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  #1  
Old 06-13-2021, 04:20 PM
50Pesos 50Pesos is offline
 
Join Date: Jun 2021
Location: Galveston
Posts: 13
Default Builders class

I have ordered the 10. We are looking for a builders class. They seem to be very few and full. The biggest obstacle I have to face is I work weekends and have very little luck getting a weekend off. We are in south eastern Texas. Any help would be great. We can travel and are looking for a two day class.

TIA
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  #2  
Old 06-13-2021, 06:32 PM
SantosDumont SantosDumont is offline
 
Join Date: Sep 2019
Location: Henderson, NV
Posts: 124
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Go to Airventure? The 101 classes are pretty much every day.
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  #3  
Old 06-13-2021, 07:31 PM
50Pesos 50Pesos is offline
 
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Location: Galveston
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I am unable to get that kinda off time off, otherwise that is the first one we thought of.
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  #4  
Old 06-14-2021, 06:49 AM
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bkervaski bkervaski is offline
 
Join Date: Mar 2017
Location: Birmingham, Alabama
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Quote:
Originally Posted by 50Pesos View Post
I have ordered the 10. We are looking for a builders class. They seem to be very few and full. The biggest obstacle I have to face is I work weekends and have very little luck getting a weekend off. We are in south eastern Texas. Any help would be great. We can travel and are looking for a two day class.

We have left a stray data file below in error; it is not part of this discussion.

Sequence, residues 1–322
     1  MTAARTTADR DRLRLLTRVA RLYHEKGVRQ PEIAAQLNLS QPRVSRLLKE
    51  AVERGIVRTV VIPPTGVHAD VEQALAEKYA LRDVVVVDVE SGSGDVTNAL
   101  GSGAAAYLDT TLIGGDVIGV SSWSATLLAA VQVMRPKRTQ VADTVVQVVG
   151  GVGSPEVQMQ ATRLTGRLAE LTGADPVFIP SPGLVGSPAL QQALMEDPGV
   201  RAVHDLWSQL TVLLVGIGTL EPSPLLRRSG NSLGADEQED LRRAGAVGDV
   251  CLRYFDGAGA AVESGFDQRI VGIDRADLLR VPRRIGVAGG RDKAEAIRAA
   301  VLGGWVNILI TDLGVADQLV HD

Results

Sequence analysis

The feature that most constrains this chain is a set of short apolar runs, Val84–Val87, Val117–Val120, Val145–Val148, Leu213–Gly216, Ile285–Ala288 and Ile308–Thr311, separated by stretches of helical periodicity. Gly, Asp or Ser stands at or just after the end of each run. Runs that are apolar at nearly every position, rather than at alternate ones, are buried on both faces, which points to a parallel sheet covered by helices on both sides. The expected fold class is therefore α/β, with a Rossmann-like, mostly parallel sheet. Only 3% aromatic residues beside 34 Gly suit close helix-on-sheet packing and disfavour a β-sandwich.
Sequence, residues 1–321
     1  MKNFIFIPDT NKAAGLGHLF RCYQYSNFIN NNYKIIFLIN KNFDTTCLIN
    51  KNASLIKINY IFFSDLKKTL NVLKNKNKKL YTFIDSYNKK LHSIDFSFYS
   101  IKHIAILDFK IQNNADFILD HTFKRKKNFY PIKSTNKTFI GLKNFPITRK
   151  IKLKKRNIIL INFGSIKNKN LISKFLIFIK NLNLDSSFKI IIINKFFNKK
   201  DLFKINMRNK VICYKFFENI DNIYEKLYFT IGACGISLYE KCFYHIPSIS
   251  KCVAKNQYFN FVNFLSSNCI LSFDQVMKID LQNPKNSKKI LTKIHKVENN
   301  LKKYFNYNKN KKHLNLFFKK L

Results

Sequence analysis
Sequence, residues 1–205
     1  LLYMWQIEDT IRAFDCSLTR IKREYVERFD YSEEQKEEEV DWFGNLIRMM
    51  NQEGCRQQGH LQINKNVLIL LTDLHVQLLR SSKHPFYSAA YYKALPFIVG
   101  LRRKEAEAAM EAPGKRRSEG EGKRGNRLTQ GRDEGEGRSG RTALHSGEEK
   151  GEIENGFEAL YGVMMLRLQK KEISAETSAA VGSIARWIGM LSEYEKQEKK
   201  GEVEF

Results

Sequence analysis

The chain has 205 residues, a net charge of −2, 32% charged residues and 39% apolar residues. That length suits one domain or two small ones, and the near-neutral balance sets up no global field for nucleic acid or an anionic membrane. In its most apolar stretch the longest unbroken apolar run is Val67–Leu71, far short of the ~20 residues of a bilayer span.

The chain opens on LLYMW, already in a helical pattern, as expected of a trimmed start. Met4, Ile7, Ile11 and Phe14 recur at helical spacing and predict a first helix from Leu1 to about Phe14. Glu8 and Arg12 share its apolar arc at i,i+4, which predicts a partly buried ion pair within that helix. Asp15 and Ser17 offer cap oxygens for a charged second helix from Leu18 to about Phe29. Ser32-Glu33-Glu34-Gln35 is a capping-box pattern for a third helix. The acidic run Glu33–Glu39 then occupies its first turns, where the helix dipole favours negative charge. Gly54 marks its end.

If you can't find an actual class then what you need is a good riveting primer. That will get you going, everything else is learn as you go.

I took the EAA class and while it was fun, ultimately just practicing on some scrap did more for me.

Vans makes practice kits, order two.

Then, if you don't already have tools, find someone near you with a pneumatic squeezer and a rivet gun and get to work on the practice kits.

Any builder's class, while you'll learn a few things, isn't going to teach you how to build your 10, you'll be teaching yourself. The process is very rewarding, fun, and frankly not all that hard (but be plenty of frustration ).

This forum is your #1 resource for learning.
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Last edited by bkervaski : 06-14-2021 at 06:54 AM.
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  #5  
Old 06-14-2021, 09:16 AM
50Pesos 50Pesos is offline
 
Join Date: Jun 2021
Location: Galveston
Posts: 13
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Quote:
Originally Posted by bkervaski View Post
If you can't find an actual class then what you need is a good riveting primer. That will get you going, everything else is learn as you go.

I took the EAA class and while it was fun, ultimately just practicing on some scrap did more for me.

Vans makes practice kits, order two.

Then, if you don't already have tools, find someone near you with a pneumatic squeezer and a rivet gun and get to work on the practice kits.

Any builder's class, while you'll learn a few things, isn't going to teach you how to build your 10, you'll be teaching yourself. The process is very rewarding, fun, and frankly not all that hard (but be plenty of frustration ).

This forum is your #1 resource for learning.

Thank you, I understand the principles in general. What Iím wanting to learn in determining a good rivet from bad, and general building procedures (ie bolts go in and aft, washer only needed on nuts)